I highly suggest that students should play at least one sport because it is a safe way to stay active, make new friends, learn life lessons, and have fun. While there are benefits to not playing sports and engaging in other activities, sports offer a wide variety of benefits that will help you later in life.
Sports are an essential part of world culture
Engaging in plays, jobs, tech support for various teams, and sports. Majority of the students in the community play sports during the fall, winter, and spring for the school, but some engage in summer activities outside of the school. The school offers many sports such as: soccer, football, swimming, tennis, baseball, lacrosse, hockey, cross country, track, basketball, trap shooting, gymnastics, dance, nordic and alpine skiing, softball, volleyball, fencing, and golf. Playing a sport offers benefits such as: being fit, spending time with friends, having fun, and meeting new people.
Play some sports. Sports are an essential part of world culture, in all countries across the world. Staying fit and being healthy are helpful if you ever get mugged, you may be able to overpower your opponent or out run them. According to Bliss being healthy will directly impact grades, sports can increase concentration and standardized test scores According to Punar sports can also help in the college application process because it shows that the students are well rounded. All in all sports are not that much of a time waster, and get help you get farther in life, so play them.
Sports come with academic benefits
With practices that are multiple hours many days of the week, and meets on school nights and the weekends, time is always tight for student athletes. Though purposely creating a hectic lifestyle may not appeal at first to all people, there are serious academic benefits from investing time and energy in a sport.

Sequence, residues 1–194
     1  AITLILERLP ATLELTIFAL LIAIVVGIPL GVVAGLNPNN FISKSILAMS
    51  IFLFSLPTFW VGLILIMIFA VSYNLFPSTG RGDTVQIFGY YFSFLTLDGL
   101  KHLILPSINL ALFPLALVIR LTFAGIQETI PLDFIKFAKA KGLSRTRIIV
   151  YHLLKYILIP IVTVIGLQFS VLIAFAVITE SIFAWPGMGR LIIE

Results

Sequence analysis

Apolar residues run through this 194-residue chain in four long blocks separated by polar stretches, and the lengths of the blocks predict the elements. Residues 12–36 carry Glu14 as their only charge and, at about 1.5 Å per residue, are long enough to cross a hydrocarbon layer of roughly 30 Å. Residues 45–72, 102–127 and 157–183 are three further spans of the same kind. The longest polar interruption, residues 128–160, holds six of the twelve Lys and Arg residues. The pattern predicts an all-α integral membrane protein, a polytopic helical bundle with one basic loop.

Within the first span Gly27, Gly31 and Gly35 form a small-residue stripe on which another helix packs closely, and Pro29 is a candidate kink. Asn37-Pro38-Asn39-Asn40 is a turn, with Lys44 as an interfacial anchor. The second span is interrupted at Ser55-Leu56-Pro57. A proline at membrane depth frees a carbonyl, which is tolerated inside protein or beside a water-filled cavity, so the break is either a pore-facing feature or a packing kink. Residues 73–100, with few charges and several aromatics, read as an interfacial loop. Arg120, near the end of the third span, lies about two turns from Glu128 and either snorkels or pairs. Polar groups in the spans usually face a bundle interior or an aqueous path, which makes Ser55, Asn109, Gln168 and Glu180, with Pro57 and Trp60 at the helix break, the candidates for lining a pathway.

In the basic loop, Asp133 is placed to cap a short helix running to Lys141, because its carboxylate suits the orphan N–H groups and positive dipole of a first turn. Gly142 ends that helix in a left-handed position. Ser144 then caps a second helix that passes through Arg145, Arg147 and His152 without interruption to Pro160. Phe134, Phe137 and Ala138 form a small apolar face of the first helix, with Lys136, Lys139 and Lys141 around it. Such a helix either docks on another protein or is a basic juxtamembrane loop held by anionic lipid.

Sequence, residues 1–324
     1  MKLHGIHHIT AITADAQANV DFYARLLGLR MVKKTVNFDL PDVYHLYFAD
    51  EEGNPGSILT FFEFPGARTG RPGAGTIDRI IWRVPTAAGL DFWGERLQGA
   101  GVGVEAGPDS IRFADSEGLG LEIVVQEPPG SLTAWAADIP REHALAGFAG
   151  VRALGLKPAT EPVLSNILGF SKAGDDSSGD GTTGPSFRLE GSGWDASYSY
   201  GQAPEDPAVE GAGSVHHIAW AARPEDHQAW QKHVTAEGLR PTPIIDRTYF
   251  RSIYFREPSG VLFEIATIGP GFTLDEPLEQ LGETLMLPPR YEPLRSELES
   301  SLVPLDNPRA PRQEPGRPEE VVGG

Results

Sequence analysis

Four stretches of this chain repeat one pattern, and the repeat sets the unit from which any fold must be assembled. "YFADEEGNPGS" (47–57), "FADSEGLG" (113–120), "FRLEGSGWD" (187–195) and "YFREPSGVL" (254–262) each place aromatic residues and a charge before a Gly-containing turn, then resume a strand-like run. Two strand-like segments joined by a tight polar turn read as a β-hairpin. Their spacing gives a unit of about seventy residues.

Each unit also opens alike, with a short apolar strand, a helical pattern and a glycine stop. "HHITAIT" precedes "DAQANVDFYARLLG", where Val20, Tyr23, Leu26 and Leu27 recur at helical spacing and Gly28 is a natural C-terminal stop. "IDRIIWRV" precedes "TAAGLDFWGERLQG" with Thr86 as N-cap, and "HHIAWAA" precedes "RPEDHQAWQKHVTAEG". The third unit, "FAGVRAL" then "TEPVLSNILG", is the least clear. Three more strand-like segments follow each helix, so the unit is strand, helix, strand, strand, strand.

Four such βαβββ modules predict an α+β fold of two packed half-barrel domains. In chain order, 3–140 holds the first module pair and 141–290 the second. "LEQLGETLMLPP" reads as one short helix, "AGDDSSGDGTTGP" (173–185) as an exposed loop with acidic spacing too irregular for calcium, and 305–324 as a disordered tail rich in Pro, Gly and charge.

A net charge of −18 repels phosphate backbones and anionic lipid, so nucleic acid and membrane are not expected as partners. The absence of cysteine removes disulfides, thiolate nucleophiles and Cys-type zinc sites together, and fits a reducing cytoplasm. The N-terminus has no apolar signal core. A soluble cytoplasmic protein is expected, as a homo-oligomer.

Being able to transition from the world of athletics to that of academics can be easy. Athletes learn valuable skills from sports that they may apply to their academic lives, and visa versa. According to an article written by the University of Missouri’s health care division, “Sports require memorization, repetition and learning — skillsets that are directly relevant to classwork.”
Homework and other school commitments cause students to feel stressed. Finding the time to get all their homework done can plague their minds throughout the day. And, when students feel like they cannot get work done, many turn to procrastination. Although this strategy may work sometimes, a cycle of procrastination can easily turn into a habit. If student athletes try and put homework off until the last minute, they could become stressed because they keep cutting it too close. By fully committing to a sport, students learn to get work done whenever they can. As students invest so much of their otherwise free time to sports, they learn valuable skills regarding organization and schedule planning.
With time being very much a luxury to student athletes, organization and structure are key to staying afloat both mentally at competitions and in school. Because student athletes have a set amount of time dedicated to practice, they tend to come up with a plan for getting work done. By structuring time around one non-negotiable, like practice, students find it easier to map out their days. According to the Palo Alto Medical Foundation, “Sports force you to organize your time so that you can both go to practice and finish your homework. The key is finding a balance. If you can learn to organize your time then you can succeed in both.” That balance is driven by the hard work ethic that sports teaches, and the seamless transition from concepts like work ethic to academics.
Though it might seem like self-punishment, or maybe just an unnecessary burden, sport are worth trying. Sports will not give students an instant grade change or a higher test score, but they will give them academic skills that will make a bigger difference in their lives than that one C- they got on the math test a week ago.